Herman, a gift from my Dad

By Billie Johnson

I’m having a yard sale this weekend. Peace be with me.

I’m discovering I might be a packrat. Not the packiest of rats because I don’t really buy a lot of things (except ninja turtle t-shirts) but I do hold on to clothes and keepsakes.  I’ve felt guilt in wanting to part with gifts that I don’t wholeheartedly love or use any more. I’ve felt pangs of failure in wanting to sell jeans that no longer fit or mementos from my past relationship, and good ole sappy nostalgia has stalled the sorting and piling process.

I have six boxes of stuff from my folks. I go through them once a year. Sometimes, I actually make it through all of them, but most times I stop after 20 seconds and tape up the first box while wiping tears and thinking about what ice cream I’m about to have.  I’m forcing myself to go through all of the boxes this week and there will be no comforting ice cream until I’m done.

I surprised myself when I decided to give away one of the only gifts I still have from my dad.  His name is Herman and he is a 14-pound marbled blue bowling ball. I’ve never considered parting with him, but a few weeks ago I went to a BBQ at my friends Barry and Marjanna Hulet’s house. They have a colorful collection of bowling balls all over their yard.  As I came across Herman in my basement, I immediately envisioned him in the Hulet’s yard among the other orbs.

I got into bowling my seventh grade year during Mrs. Atkinson’s Life Sports class. We took lessons at the old Moonlight Lanes on Yellowstone and my mom let me join a Saturday morning league as long as I rode my bike so she could sleep in and enjoy her leisurely Saturday mornings.

My dad lived in Lava Hot Springs but was making regular trips to Pocatello to see doctors. His emphysema diagnosis was looming. He never paid child support and my mom always had a complaint into the court, but he’d still stop by to give me some ones from the bar that he called my “spending money.” Sometimes in lieu of cash, he’d bring an off the wall gift he procured second or third hand. One time he brought me a mildewy tent. He knew what I tomboy I was and thought I’d like to go camping sometime.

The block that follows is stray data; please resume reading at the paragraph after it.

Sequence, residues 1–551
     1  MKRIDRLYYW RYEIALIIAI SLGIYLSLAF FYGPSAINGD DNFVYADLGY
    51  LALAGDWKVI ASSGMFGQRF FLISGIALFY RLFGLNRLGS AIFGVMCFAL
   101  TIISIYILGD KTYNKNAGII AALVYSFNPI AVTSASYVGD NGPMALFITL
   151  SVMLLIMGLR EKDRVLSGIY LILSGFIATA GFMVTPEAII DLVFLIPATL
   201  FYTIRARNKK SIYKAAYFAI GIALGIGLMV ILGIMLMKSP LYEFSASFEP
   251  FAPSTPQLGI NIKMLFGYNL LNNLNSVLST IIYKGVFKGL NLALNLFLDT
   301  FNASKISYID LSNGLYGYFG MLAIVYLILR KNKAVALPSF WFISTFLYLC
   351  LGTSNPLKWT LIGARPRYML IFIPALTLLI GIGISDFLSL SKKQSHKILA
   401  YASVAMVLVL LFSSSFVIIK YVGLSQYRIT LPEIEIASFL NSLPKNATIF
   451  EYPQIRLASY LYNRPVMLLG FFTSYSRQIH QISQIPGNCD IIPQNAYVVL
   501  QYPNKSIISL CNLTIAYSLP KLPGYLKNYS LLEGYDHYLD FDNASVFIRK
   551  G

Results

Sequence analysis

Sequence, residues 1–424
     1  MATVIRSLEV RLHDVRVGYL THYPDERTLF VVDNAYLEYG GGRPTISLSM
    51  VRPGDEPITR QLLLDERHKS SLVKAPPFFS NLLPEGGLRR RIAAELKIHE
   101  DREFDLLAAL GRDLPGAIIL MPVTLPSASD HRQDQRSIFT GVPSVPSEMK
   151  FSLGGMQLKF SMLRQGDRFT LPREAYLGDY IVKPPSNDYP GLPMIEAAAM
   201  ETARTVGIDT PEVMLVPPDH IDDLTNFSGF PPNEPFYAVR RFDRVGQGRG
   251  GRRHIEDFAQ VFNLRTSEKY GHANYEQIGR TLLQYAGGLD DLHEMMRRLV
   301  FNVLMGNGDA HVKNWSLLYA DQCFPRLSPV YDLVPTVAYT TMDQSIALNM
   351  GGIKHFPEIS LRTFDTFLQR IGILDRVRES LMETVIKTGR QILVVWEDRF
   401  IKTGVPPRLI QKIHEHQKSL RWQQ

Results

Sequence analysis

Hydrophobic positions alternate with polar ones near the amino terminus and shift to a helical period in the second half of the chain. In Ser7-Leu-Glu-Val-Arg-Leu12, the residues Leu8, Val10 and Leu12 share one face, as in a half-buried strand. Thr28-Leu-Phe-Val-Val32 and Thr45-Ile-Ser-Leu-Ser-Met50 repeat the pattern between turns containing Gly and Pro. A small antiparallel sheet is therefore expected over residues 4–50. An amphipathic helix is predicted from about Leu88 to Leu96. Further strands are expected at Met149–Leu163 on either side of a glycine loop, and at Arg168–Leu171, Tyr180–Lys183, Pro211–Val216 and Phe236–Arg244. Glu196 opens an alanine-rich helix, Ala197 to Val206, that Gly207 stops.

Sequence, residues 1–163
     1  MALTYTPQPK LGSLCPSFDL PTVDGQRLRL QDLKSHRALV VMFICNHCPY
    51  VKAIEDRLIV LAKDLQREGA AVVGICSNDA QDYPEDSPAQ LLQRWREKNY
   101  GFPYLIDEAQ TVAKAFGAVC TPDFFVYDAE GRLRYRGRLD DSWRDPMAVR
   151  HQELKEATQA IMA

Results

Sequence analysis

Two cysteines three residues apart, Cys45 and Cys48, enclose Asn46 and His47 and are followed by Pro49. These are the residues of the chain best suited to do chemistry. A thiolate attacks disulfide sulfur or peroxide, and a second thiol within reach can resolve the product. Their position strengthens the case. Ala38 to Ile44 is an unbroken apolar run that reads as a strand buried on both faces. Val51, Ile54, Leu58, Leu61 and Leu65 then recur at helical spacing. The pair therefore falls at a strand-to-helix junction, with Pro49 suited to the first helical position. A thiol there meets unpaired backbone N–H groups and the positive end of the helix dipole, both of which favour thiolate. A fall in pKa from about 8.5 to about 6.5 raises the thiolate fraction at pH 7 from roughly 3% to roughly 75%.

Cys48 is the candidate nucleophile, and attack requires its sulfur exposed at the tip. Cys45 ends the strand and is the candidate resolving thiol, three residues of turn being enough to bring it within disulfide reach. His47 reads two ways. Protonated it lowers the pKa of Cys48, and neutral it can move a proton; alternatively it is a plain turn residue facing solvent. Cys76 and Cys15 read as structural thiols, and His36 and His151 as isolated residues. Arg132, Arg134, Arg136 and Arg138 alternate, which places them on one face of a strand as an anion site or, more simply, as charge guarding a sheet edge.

Both of my parents were severely overweight and never camped. Who the heck was going to take me camping? But thanks, Dad.

At age 12 and wanting to enjoy his gift, I disassembled my bed with a monkey wrench, took the frame downstairs, pitched the tent in my room, and put my mattress inside.

Dad got progressively sicker and weaker and on his next visit, I had to go to his car because he couldn’t lift my gift.  In a box in his trunk was a magical blue bowling ball he found at a Garrett Way warehouse sale. Dad didn’t leave me any spending money this time, but I didn’t think twice. He was in tuned to my hobby and even though I could barely lift him, Herman was beautiful!

Now that I had my own ball, Mom was going to have to give up her leisurely Saturday morning to drive me to league. Herman also needed holes drilled and a bag to carry him. Mom couldn’t afford either, so I rolled him into my bedroom tent until her next payday.  She ended up only paying to get the holes drilled and made me use an old piece of luggage to carry him. It worked but it was ugly.

Herman epitomizes how my dad showed his love, how my parents managed their individual relationships with me, and how they fostered my relationship with the other parent separate from their own issues. Dad was so happy to give me Herman, but he paid no attention to how heavy he was, how I’d carry him, how finger holes might get drilled or any of the ramifications the gift would have on my mom.

Mom didn’t disparage him, but she did communicate the predicaments his gift and lack of child support put her in. She spoke matter-of-factly of their interpersonal conflicts but simultaneously encouraged me to revel in my dad’s imperfect love and all of his whacky gifts because they were sincere and from his heart.

Herman came from his heart and has a special place in mine. When I asked the Hulets if he could join their spherical herd, they were delighted.  Perfect. I have a sense of peace in passing him on to them and in creating a little more space in my basement.  Herman Hulet has a great ring to it.

Billie Johnson of Pocatello holds a bachelor’s degree in engineering and a master’s degree from Idaho State University. She works as an engineer, is an avid community volunteer, and maintains a blog about her adventures in a cow suit at www.CowSuitSaturday.com.